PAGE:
December is expensive for many people. Between gifts, parties, shows, going out for New Year’s, and anything else everyday life throws at you, your wallet may be hurting a bit by the time you hit January. It seems like everything that makes December fun and exciting also strains your budget.
When you throw a party, you want your guests to have a great time and enjoy the food and drink, which may make you want to spend a little more to make your gathering memorable. But throwing a party doesn’t have to send you into bankruptcy; you just need to find some good, inexpensive wines, have a few tricks up your sleeve, and enjoy the party. While there are some good wines out there under $10, you won’t usually get the level of complexity or flavor profiles that you would in a more expensive bottle. It’s simple economics- better wines cost more because of the quality of grapes, the abilities of the winemaker, and many other factors. So, how do you make your $10 bottle of pinot taste like it’s worth more?
First, save money on the wine by buying in bulk. Many stores offer a discount if you buy 6 bottles or more, so take advantage of this! You can purchase better quality bottles for less if you buy multiples. Check out warehouse clubs like Sam’s and Costco. You can get some great values there, especially on the larger bottles. Also, look for unoaked white wines. Oak is expensive, which means money was pulled from somewhere else for it, probably lowering the quality of the finished product. Finally, don’t be afraid to try lesser known grape options. These can be a little less expensive because there isn’t super high demand. Not only will you save a little at the store, but your guests will get to try something new and possibly find a new favorite. Some of my favorite wines are made from grapes like gamay, carmenere, and tempranillo.
Once you get your wines home, make sure to treat them properly by decanting the reds and keeping the whites at the right temperature. Decanting allows the wine to breathe and the flavors to develop. The volatile compounds that cause unpleasant smells liked burned matches and rubbing alcohol will also have a chance to evaporate, which makes the tasting experience much more pleasant. And it doesn’t take that long- most of the work is done as you pour the wine from the bottle into the decanter. Don’t have a decanter? Leave the wine bottle open for a good hour.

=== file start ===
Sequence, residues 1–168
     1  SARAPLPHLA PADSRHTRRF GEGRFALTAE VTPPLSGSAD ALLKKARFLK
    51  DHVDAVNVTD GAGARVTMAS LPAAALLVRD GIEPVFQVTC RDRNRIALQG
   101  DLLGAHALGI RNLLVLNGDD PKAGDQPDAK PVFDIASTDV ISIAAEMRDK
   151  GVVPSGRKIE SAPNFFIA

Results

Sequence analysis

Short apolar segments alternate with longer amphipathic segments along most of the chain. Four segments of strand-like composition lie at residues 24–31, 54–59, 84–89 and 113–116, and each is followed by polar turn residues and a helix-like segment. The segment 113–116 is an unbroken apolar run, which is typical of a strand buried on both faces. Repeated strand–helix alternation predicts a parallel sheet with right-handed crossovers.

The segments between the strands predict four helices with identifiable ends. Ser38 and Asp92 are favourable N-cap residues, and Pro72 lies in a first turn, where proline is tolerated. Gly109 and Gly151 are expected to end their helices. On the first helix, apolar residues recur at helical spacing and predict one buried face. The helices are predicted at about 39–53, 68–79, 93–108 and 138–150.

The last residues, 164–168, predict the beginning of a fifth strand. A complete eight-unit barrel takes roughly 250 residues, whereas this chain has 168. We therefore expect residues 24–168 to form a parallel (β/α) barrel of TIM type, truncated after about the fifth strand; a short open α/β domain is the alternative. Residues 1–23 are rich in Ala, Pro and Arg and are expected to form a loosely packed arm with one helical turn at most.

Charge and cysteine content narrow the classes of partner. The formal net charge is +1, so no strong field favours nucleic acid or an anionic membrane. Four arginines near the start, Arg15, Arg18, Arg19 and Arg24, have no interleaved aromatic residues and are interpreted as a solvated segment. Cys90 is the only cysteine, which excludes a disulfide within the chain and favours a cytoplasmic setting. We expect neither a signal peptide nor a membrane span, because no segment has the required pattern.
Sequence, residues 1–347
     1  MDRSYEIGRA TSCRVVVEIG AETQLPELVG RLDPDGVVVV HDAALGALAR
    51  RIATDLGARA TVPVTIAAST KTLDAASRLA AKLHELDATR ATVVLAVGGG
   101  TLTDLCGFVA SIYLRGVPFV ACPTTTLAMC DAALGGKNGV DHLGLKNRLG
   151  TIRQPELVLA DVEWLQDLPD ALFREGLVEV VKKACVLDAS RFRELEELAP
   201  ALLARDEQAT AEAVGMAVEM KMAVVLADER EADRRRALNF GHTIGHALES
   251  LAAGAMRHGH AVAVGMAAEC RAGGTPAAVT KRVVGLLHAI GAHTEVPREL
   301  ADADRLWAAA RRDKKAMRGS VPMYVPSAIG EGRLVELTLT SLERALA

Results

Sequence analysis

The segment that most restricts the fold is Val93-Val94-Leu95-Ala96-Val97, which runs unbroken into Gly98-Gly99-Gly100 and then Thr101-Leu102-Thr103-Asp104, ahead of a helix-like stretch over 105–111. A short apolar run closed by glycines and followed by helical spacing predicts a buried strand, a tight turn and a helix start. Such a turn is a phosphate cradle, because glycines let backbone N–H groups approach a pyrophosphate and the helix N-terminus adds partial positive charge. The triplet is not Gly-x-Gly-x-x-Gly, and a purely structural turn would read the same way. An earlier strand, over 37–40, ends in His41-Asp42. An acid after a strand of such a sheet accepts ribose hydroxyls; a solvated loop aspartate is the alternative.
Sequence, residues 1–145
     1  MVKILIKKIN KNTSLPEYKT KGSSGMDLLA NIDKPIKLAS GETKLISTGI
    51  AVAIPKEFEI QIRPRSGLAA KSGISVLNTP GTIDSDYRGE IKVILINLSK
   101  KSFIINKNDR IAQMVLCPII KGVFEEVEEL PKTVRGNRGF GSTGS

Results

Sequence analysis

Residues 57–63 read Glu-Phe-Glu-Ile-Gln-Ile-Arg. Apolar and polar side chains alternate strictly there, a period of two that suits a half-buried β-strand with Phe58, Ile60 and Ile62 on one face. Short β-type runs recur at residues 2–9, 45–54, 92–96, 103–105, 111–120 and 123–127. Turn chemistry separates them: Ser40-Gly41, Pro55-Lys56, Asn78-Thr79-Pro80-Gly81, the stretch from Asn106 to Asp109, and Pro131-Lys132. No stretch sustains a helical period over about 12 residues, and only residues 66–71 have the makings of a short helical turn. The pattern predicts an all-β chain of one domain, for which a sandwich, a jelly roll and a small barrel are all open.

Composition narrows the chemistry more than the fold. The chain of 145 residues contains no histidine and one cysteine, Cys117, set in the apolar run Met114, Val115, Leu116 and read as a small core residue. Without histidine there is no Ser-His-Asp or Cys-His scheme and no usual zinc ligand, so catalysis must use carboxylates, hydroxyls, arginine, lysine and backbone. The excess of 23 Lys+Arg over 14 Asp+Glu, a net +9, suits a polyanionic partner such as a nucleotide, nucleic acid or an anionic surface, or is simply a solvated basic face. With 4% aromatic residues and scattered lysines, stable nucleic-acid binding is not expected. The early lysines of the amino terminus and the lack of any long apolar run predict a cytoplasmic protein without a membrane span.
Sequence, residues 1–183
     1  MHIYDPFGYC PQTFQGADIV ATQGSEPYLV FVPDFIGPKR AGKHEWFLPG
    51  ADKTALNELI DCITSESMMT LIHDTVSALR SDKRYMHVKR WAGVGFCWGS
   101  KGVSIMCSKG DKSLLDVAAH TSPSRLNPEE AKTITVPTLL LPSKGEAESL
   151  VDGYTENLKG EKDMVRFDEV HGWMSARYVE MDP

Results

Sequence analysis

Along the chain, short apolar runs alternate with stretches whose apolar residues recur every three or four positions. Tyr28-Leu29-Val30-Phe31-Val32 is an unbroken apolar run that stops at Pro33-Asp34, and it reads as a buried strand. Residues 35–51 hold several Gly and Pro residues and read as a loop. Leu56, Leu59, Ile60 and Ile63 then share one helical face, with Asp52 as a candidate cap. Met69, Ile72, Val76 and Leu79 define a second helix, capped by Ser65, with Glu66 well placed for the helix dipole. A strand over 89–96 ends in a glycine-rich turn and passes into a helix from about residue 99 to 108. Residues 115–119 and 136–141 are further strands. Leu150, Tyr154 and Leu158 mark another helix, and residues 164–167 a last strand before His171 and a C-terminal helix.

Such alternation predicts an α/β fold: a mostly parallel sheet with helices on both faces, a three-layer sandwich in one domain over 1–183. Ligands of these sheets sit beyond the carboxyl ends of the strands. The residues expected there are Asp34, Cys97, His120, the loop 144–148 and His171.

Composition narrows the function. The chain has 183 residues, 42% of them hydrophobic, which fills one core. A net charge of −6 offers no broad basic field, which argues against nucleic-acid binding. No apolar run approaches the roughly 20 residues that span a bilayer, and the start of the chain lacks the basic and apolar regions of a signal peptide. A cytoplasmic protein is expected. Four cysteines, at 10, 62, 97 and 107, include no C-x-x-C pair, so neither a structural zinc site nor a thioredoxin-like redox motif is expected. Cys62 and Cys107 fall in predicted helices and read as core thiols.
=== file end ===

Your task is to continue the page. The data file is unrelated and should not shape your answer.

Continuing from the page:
You also want to serve white wines at the correct temperature- don’t just serve them as cold as humanly possible or pull a bottle out of the fridge at the beginning of the night and leave it out to get warm. If a wine is too cold the flavors will be suppressed and you won’t necessarily get the best taste, but if it’s too warm any less than desirable flavors will be more obvious. You can leave your wine in the refrigerator, but guests might forget about it if they’re serving themselves. If you prefer to leave the wine out, you can use a wine bottle chiller, a bucket of ice and water, or a wine chiller stick.
Once you have your wines purchased and decanted/chilled, you still have to serve them. Don’t spend a fortune on glassware. Yes, certain types of glasses can enhance the taste of certain wines. But are you hosting a party for a bunch of sommeliers who will notice the difference? I’m guessing not. Don’t worry about buying all new specialty wine glasses for the party. Just use what you have or get some from Amazon or Target for not a lot of cash. If you have a bunch of wine glasses from various wine tastings, don’t be afraid to pull those out even though they don’t match. The different logos will inspire conversations and even help people make connections when they discover they’ve been to the same places.
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I recently stopped by my local grocery store to pick up some inexpensive wines. Here are a few suggestions that will please any crowd, all for under $10 a bottle:
- Riesling- Chateau St. Michelle
- Chardonnay- Estancia, unoaked
- White blend- Skinnygirl California White
- Red blend- Cupcake Black Forest
- Pinot noir- Middle Sister Goodie Two Shoes
- Chianti- DaVinci